Giovanni Antonio Canal, called Canaletto
- Giovanni Antonio Canal, called Canaletto
- Venice, the churches of the Redentore and San Giacomo;
Venice, the prisons and the Bridge of Sighs, looking Northwest from the balcony
- a pair, both oil on canvas
- each: 18 3/8 by 30 1/4 in.; 46.7 by 76.8 cm.
G.A.F. Cavendish Bentinck, M.P., P.C., 3 Grafton Street, London, and Brownsea Island;
His deceased sale, London, Christie’s, 11 July 1891, lots 625 and 626, described as ‘The Church of Santa Maria della Salute’ and ‘The Bridge of Sighs’, sold together for 115 gns to Lesser;
With Lesser, Bond Street, London;
By whom sold to Willson Bros., Pall Mall, London;
By whom sold to Mr. later Sir, George Leon, Bt., 48 Brompton Square, London;
With Savile Gallery, London, 1928;
By whom sold to Mark Oliver;
With Arthur Tooth & Sons, 31 Bruton Street, London;
Private collection, by 1952;
Anonymous sale, London, Christie’s, 9 December 1988, lot 40;
With the Walpole Gallery, London, 1989;
Private collection, USA;
With Lampronti Gallery;
Acquired from the above by the present owner in 2007.
London, Arthur Tooth and Son, November-December 1952, nos. 2 and 4;
London, Walpole Gallery, Italian Landscapes and Vedute, 14 June - 28 July 1989, nos. 26-27.
W.G. Constable, Canaletto: Giovanni Antonio Canal, 1697-1768, London 1962 (and subsequent editions revised by J.G. Links), vol. I, reproduced pl. 26 (The Prisons), vol. II, pp. 225 & 347, nos. 84 and 318, and pp. 346-7 & 590 under nos. 317 and 775;
L. Puppi, L’opera completa del Canaletto, Milan 1968, nos. 257, reproduced (The Prisons) and 258;
J.G. Links, Canaletto, The Complete Paintings, London 1981, p. 80, nos. 275, reproduced (The Prisons) and 276;
A. Corboz, Canaletto. Una Venezia immaginaria, Milan 1985, vol. II, p. 662, nos. P 357-358 both reproduced;
C. Crawley in K.T. Parker, The Drawings of Antonio Canaletto in the Collection of Her Majesty the Queen at Windsor Castle, with an Appendix to the Catalogue by Charlotte Crawley, Bologna 1990, p. 169, under no. 34 (The Redentore);
J.G. Links, A Supplement to W.G. Constable’s Canaletto: Giovanni Antonio Canal 1697-1768, London 1998, pp. 9 and 31-32, reproduced (The Redentore), plate 269;
C. Beddington, Canaletto in England, exhibition catalogue, New Haven 2006, p. 169, both reproduced;
Canaletto à Venise, exhibition catalogue, Paris 2012, p. 138, under cat. no. 39.
Built of Istrian Stone, the church of the Redentore, or officially the Chiesa del Santissimo Redentore, is arguably Andrea Palladio's (1508-1580) masterpiece and represents the apex of his refined architectural ideas. It was constructed on the island of the Giudecca in the years 1577-1592 and was commissioned by the Venetian Senate to give thanks to God for the deliverance of the city from the major plague of 1575-1576, which had decimated around one quarter of the city's population and had claimed the lives of many of the city's luminaries, including that of Titian. The Senators vowed to visit the church annually and to this day the Festa del Redentore is celebrated: each year on the third Sunday of July a temporary causeway made from barges is erected across the Giudecca for people to attend Mass. In the Redentore, Palladio combined the three distinct sections of the church into one harmonious whole, all held together by a horizontal cornice. The Redentore in the present pair is seen slightly left of center from the Canale di Giudecca and is flanked at right by the campanile of the Church of San Giacomo, which was demolished in the 19th century, in front of which appears the stern of a large, moored ship.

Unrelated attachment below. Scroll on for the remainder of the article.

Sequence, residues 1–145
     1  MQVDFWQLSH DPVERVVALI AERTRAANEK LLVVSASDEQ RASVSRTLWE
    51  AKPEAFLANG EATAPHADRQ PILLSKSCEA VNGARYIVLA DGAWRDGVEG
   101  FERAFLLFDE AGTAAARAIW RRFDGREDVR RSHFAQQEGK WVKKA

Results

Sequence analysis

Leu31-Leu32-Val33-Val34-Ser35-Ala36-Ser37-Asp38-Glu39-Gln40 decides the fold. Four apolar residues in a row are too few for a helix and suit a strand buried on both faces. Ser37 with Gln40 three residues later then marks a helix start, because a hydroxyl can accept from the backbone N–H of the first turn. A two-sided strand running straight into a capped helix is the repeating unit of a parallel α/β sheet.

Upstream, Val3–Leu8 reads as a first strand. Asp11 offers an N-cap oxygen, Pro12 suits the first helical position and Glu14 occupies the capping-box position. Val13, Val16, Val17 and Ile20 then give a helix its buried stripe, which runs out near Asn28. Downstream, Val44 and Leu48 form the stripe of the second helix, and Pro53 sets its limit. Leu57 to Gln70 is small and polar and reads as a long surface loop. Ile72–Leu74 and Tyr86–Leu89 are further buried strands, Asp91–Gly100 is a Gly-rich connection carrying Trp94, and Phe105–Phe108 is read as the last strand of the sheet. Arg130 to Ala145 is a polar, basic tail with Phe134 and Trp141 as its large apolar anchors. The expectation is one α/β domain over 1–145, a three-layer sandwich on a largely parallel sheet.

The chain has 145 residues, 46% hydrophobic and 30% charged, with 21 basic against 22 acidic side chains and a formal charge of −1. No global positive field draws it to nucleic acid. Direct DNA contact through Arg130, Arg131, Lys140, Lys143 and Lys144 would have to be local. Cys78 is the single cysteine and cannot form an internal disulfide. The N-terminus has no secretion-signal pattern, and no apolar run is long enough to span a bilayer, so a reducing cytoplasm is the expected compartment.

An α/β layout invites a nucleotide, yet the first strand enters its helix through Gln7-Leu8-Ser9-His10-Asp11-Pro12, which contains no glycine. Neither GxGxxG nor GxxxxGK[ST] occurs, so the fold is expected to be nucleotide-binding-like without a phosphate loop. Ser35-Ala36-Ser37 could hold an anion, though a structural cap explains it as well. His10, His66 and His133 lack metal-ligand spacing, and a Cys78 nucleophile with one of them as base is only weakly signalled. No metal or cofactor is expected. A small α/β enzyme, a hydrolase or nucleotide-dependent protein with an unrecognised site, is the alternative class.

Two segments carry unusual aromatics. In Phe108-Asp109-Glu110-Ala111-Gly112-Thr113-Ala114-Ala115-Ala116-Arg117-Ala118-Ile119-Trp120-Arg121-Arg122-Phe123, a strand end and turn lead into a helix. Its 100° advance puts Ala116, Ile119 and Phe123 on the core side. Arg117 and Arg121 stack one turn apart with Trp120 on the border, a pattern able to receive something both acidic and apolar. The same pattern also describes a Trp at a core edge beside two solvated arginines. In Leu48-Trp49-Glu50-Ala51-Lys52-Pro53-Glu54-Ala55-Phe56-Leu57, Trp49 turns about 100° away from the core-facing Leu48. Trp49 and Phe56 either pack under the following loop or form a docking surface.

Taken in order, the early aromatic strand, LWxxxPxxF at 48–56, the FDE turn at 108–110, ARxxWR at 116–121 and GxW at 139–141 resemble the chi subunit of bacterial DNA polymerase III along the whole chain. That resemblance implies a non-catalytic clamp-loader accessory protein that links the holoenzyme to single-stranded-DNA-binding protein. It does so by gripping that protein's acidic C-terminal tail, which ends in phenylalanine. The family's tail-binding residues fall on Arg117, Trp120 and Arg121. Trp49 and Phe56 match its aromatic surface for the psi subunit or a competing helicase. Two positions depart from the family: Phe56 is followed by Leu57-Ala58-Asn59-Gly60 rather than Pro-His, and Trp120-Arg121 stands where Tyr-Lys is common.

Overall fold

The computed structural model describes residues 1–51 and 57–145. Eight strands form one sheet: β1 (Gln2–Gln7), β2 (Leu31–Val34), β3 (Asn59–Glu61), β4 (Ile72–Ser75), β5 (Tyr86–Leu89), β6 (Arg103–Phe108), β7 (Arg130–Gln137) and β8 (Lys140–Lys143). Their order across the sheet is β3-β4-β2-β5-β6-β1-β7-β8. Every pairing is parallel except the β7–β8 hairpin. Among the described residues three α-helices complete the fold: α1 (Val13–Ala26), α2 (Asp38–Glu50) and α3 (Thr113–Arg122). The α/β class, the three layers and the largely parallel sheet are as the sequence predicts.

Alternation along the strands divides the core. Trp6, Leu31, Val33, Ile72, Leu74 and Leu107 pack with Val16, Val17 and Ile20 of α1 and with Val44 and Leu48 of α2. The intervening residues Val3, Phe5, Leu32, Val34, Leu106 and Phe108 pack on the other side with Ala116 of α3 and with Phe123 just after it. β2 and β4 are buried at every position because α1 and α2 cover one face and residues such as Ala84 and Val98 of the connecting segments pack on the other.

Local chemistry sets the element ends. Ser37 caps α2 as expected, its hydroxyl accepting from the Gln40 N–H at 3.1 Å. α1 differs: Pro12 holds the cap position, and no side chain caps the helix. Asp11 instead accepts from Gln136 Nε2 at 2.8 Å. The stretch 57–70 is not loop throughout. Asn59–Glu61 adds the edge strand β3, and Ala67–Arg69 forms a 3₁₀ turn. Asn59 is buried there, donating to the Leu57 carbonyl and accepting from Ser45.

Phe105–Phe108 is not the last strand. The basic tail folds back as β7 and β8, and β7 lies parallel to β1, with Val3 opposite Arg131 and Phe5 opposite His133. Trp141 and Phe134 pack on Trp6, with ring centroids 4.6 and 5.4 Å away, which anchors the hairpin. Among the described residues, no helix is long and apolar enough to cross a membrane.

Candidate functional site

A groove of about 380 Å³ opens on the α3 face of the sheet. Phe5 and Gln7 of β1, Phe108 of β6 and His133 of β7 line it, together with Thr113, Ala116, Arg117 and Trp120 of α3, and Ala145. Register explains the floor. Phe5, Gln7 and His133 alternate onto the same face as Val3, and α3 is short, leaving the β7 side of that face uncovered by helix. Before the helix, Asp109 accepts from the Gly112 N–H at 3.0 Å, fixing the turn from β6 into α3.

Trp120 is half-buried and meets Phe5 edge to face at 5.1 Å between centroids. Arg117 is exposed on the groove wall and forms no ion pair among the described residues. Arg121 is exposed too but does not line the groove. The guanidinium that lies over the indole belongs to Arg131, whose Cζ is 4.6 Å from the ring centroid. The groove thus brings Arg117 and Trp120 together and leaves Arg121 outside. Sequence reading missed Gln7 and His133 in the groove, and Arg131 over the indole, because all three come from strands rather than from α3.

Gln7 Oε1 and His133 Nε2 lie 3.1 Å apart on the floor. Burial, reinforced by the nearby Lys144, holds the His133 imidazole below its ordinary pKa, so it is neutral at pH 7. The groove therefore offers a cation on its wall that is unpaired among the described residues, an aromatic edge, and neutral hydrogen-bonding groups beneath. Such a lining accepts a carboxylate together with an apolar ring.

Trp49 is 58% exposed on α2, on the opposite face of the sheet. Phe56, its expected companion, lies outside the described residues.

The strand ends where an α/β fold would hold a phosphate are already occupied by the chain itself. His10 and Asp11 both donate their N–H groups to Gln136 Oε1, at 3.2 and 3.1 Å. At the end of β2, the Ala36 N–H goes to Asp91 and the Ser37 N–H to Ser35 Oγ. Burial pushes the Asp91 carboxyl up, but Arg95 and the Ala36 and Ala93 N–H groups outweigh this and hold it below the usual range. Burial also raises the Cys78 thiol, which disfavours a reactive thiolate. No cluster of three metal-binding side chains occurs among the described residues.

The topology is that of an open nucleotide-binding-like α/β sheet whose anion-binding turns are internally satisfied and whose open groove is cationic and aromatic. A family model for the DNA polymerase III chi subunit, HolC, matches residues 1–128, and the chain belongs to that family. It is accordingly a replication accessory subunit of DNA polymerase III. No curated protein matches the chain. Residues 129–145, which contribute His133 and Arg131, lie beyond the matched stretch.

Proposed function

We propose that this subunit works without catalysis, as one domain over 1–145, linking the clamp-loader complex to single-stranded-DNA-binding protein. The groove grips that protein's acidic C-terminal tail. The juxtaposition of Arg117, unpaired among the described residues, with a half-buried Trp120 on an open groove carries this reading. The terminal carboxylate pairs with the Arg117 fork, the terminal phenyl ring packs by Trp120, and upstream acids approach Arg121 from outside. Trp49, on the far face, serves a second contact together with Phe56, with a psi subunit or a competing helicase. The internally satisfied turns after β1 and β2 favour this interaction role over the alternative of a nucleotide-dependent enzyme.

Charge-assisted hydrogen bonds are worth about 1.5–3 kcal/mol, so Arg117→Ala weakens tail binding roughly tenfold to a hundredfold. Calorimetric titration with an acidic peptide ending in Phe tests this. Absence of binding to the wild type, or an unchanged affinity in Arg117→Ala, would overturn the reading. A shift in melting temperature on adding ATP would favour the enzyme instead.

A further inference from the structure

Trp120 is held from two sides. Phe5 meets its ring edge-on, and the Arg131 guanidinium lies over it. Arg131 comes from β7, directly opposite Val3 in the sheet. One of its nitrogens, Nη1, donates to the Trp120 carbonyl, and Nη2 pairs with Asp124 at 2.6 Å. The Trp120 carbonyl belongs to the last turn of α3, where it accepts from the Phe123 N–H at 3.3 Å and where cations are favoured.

The public prisons of San Marco, also known as the Palazzo delle Prigioni, are among the most prominent buildings on the Venetian Molo. Around 1580, after a fire had destroyed the original prisons in the Doge’s Palace, Antonio del Ponte, who would later complete the Rialto Bridge in 1588-1590, was chosen to oversee their reconstruction and worked from the original designs of Antonio Palladio’s contemporary, Giovanni Antonio Rusconi. Del Ponte’s nephew, Antonio Contino, helped oversee the last years of construction and also built the Bridge of Sighs, which connected the prison to the Doge’s Palace, both of which are visible in the present pair. The prisons included quarters for the nocturnal security police, a wing for women, cells for victims of the Inquisition, an infirmary and a chapel. Completed in 1597 just before Dal Ponte’s death, the prisons were among the earliest purpose-built prisons and remained in use for over three hundred years, until they officially closed in 1919.